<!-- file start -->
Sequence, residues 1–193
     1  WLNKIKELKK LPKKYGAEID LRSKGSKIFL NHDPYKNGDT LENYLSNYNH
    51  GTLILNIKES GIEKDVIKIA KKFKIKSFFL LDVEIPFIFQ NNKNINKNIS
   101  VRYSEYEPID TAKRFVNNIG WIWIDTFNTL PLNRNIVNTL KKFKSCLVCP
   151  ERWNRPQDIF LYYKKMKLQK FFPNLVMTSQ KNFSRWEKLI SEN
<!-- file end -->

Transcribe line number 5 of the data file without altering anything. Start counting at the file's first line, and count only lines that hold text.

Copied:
   151  ERWNRPQDIF LYYKKMKLQK FFPNLVMTSQ KNFSRWEKLI SEN